Medtronic gains first FDA approval for Covidien device: Pipeline Flex for brain aneurysm

The Pipeline Flex--Courtesy Medtronic

Medtronic ($MDT) scored its first new FDA approval resulting from the acquisition of Covidien, which closed less than two weeks ago. The nod is for Pipeline Flex, a next-generation minimally invasive flow diversion device for unruptured aneurysm. It comes from Covidien's fast-growing, but tiny, neurovascular group.

This iteration is intended to enable more exact physician control and placement. It launched in Europe in June, after receiving a CE mark earlier last year. The first generation of the product, dubbed simply Pipeline, received FDA approval in 2011 as part of Covidien.

Medtronic expects to conduct a limited U.S. launch in the upcoming weeks.

"Flow diversion has been a major breakthrough therapy for large or giant wide-necked brain aneurysms that are complex and have considerably higher risk of rupture and higher rates of complication with conventional treatment," Dr. Ricardo Hanel, a neurosurgeon who is a clinical investigator for Pipeline Flex as well as the director of the stroke and cerebrovascular center at Baptist Health in Jacksonville, FL, said in a statement.

He continued, "With thousands of patients successfully treated with Pipeline Embolization Device, the Pipeline Flex's innovative delivery system will result in further advancing endovascular treatment and care."

The Pipeline Flex product is part of the neurovascular portfolio within Medtronic's Restorative Therapies Group. Covidien's neurovascular segment was one of its fastest growing groups in its fiscal first quarter of 2015, which ended on Dec. 26, 2014. Over the same quarter a year earlier, it had a 9% gain in neurovascular product sales to reach $120 million. But that's a tiny fraction of the company's total fiscal first quarter product sales of $2.7 billion, which were up only 2%.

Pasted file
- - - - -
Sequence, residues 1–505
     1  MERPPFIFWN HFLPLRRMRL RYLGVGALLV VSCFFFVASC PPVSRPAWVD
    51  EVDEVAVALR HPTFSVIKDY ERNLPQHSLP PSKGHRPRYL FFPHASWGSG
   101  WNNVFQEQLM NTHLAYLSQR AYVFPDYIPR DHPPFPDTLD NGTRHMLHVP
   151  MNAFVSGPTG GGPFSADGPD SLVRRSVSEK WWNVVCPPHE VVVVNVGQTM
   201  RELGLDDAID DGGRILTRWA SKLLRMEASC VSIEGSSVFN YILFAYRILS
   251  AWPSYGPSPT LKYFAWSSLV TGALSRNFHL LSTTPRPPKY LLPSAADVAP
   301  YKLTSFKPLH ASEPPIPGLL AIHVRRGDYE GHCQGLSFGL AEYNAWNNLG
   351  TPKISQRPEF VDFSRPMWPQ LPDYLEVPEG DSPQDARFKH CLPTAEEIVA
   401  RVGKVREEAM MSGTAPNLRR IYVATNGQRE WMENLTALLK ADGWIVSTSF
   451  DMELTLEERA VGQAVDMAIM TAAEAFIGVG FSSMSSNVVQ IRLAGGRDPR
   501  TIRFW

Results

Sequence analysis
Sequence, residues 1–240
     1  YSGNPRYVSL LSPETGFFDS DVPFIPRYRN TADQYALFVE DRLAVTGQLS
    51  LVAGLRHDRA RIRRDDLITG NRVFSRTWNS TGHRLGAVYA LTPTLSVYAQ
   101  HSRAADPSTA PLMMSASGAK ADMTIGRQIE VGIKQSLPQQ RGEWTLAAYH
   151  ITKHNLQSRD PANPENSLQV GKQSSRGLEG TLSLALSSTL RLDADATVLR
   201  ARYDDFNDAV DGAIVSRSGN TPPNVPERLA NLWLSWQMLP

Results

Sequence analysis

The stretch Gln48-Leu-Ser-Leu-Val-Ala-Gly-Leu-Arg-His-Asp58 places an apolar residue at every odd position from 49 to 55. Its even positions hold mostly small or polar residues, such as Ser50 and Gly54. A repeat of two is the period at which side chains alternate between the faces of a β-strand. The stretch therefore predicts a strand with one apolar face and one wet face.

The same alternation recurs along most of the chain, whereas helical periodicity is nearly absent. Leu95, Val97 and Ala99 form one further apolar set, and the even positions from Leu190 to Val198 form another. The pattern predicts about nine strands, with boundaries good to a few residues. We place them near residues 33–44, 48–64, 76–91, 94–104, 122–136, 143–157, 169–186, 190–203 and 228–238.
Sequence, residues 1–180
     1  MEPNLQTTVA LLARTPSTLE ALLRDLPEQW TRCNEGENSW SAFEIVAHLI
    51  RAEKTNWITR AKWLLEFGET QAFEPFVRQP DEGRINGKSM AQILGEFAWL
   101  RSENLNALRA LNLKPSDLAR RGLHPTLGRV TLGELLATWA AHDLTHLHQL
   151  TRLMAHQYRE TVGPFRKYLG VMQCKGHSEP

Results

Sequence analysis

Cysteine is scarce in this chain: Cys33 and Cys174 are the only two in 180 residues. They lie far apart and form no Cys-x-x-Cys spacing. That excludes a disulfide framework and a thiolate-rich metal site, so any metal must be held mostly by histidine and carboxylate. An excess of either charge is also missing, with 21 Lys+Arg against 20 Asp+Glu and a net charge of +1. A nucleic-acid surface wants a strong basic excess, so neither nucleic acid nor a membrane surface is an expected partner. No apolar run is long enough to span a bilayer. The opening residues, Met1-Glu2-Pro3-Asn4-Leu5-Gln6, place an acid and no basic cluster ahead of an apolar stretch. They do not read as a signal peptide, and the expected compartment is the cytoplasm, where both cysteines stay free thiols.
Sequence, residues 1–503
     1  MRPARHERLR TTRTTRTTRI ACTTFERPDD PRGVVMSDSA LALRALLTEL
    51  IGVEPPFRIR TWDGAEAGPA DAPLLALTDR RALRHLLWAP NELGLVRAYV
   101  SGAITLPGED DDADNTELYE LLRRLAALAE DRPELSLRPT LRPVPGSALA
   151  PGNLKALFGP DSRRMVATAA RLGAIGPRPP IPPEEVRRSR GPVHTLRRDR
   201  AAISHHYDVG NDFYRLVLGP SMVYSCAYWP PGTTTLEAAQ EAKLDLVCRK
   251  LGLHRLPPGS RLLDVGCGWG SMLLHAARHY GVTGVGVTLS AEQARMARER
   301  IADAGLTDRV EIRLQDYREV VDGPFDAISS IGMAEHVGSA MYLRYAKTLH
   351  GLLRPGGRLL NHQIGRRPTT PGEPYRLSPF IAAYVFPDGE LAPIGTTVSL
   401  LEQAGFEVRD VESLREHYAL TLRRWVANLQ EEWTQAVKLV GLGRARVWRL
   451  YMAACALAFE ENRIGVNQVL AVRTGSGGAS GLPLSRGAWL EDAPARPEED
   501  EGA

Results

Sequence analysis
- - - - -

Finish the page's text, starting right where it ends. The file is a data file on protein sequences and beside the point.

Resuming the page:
The Pipeline Flex has a braided cylindrical mesh tube that is implanted across the base or neck of an aneurysm. It cuts off blood flow to the aneurysm, thereby reconstructing the diseased section of the blood vessel.

Brett Wall

It is specifically intended for the endovascular treatment of complex intracranial aneurysms that are not amenable to treatment with surgical clipping and are attached to parent vessels measuring between 2.5 and 5.0 mm in diameter. About half a million people globally die each year due to ruptured brain aneurysm, most of whom are younger than 50 years old, according to the company.

"The Pipeline Flex embolization device is the next advancement in flow diversion, combining our clinically proven braid design with a new delivery system designed to offer improved accuracy and control when performing these advanced procedures inside the brain," Brett Wall, president of the Neurovascular group at Medtronic, concluded in a statement.

- here is the release